By Nancy Allen
The Lake Restoration Committee (LRC) may have the sediment on the bottom of Grand Lake St. Marys tested to determine the amount of submerged nutrients and the affect it is having on water quality.
LRC Chairman Vic Woodall told members of the Lake Improvement Association during their meeting Saturday that officials involved with the Upper Big Walnut Water Quality Partnership near Columbus had core sampling done in the sediment in the Hoover Reservoir. This was one of the early tests done by those officials to clean up the reservoir, which is used by the city of Columbus and several towns north and northeast of Columbus for drinking water. The reservoir had high levels of atrazine, which that threatening to become a problem.
"This would be done to determine if the problem is with nutrients coming into the lake or the ones that are already there," Woodall said. "Some people argue with our lake that it's the big motorboats kicking up the sediment that keeps the lake dirty instead of the infamous blue green algae we have."
The United States Department of Agriculture Natural Resources Conservation Service paid for the core sampling for the Hoover Reservoir, Woodall said.
Grand Lake St. Marys is overrun with blue green algae, which feeds on the high amount of nutrients in the lake. The algae is what gives the lake its characteristic green color. Ohio EPA testing determined that agricultural runoff is the biggest contributor of excess nutrients in the 13,500-acre lake. Other excess nutrients come from storm water runoff, private septic systems and commercial lawn fertilizers. Blue-green algae blooms when it is well fed by excessive nutrients. When the algae decays, it can choke off oxygen to fish and other aquatic life.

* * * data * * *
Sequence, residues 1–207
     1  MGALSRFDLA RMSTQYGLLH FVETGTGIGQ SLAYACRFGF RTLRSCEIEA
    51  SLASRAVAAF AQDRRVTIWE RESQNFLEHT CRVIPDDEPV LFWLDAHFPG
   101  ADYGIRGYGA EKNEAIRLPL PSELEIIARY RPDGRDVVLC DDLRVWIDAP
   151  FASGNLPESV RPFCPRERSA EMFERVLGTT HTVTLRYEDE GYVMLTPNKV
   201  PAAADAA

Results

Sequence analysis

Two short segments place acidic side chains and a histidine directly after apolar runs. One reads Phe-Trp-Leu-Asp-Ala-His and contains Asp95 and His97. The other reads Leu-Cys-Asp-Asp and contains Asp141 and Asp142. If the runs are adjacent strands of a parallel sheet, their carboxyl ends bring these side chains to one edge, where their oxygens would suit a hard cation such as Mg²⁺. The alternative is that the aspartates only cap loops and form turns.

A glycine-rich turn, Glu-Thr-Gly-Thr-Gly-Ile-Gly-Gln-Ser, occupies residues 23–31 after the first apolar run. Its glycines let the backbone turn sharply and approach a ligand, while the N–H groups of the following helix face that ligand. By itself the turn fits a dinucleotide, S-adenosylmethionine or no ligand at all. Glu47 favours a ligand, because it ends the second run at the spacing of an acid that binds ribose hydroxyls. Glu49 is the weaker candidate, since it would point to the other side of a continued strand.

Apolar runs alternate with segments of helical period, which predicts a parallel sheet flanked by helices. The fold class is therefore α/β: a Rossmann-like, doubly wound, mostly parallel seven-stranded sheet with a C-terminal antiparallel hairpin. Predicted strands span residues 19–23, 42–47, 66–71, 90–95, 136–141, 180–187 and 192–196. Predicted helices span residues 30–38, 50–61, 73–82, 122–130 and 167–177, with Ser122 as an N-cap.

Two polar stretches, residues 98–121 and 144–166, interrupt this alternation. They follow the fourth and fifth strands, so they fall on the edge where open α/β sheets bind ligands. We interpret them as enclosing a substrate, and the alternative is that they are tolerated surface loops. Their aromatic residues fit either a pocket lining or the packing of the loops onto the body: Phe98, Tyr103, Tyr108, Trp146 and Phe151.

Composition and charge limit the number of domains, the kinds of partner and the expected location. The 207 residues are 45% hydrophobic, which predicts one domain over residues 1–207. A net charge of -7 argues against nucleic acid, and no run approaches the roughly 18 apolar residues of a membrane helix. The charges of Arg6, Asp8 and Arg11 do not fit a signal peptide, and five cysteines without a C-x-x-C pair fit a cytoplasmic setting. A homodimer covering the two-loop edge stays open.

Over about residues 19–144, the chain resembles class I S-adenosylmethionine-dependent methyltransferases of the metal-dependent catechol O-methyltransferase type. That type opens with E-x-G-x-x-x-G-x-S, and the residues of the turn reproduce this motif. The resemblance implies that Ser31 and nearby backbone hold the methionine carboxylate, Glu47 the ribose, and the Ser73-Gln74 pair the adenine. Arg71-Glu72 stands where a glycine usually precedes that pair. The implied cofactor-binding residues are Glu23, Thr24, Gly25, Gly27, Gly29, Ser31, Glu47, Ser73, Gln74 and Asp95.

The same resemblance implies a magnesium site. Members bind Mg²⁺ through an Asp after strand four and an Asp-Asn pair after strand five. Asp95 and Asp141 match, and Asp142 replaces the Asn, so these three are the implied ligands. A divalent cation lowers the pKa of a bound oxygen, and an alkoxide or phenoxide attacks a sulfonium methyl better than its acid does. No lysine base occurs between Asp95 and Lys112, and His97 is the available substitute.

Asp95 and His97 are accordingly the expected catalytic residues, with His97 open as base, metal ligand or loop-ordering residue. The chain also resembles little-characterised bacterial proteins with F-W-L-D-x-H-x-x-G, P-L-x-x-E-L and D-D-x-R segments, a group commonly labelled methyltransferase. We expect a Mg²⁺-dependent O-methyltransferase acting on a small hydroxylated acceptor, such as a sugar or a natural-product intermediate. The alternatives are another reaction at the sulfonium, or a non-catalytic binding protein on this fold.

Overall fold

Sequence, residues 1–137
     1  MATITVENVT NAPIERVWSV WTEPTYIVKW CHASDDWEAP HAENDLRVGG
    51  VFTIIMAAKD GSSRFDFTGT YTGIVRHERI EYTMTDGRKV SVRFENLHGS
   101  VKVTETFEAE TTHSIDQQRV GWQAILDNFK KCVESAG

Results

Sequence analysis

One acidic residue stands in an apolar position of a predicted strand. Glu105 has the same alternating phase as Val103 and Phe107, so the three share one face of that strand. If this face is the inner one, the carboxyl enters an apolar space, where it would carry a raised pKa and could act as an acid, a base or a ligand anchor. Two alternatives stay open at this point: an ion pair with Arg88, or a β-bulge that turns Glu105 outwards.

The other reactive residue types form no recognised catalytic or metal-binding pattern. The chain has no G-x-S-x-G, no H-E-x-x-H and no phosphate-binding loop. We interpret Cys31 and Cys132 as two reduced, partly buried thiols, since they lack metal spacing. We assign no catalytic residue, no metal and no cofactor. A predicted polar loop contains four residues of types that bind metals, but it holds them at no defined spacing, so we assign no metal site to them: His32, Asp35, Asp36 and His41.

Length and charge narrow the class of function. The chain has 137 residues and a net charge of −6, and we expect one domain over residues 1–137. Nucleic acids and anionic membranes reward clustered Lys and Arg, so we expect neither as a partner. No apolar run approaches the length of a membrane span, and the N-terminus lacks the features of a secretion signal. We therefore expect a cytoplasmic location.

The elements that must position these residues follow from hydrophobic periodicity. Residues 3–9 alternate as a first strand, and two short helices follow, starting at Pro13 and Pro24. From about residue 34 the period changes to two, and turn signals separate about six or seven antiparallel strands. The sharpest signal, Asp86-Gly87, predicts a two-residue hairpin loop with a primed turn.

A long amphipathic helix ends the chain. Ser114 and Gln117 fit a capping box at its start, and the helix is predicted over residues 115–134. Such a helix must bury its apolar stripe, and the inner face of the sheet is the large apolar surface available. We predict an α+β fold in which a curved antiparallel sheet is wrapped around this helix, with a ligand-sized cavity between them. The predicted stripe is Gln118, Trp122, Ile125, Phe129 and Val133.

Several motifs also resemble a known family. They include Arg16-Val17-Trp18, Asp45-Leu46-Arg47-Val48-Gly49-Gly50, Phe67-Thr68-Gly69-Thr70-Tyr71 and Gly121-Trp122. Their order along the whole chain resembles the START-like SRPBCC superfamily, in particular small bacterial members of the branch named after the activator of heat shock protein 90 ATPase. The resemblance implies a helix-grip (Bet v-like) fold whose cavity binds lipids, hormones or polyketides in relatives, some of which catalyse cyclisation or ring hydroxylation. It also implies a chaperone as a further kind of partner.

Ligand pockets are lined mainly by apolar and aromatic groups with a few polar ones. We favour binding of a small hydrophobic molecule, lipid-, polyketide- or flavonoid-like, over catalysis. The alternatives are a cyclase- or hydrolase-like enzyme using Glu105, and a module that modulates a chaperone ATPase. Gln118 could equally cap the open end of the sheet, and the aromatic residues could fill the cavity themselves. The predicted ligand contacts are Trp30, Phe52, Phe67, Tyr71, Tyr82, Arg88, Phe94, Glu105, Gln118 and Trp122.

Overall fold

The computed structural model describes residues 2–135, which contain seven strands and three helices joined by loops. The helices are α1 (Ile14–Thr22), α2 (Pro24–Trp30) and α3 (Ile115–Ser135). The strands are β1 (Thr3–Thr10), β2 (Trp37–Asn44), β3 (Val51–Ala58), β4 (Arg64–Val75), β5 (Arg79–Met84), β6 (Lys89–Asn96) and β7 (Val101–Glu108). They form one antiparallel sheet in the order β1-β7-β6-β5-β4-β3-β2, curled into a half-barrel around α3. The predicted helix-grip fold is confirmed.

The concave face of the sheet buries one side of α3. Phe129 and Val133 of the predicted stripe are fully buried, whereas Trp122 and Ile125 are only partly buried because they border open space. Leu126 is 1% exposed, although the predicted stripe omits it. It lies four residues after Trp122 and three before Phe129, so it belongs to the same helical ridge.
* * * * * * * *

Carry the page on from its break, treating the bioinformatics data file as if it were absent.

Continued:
The city of Celina may become more involved with water quality issues associated with the lake, which is the city's sole source of drinking water, said the LRC chairman.
Woodall also reported the Mercer County Farm Service Agency (FSA) recently signed up four Mercer County farmers and one Auglaize County farmer to install grass-covered filter strips on their land. Filter strips planted along creeks and streams filter out sediment and attached nutrients before they get into the watershed and lake. Many experts have said that planting filter strips in highly erodible areas would go the farthest toward improving water quality than any other conservation method.
The Coldwater and Marion Young Farmers organizations held a workshop last August that was attended by more than 50 county farmers explaining state and federal programs that pay landowners to install filter strips and other conservation practices aimed at improving water quality.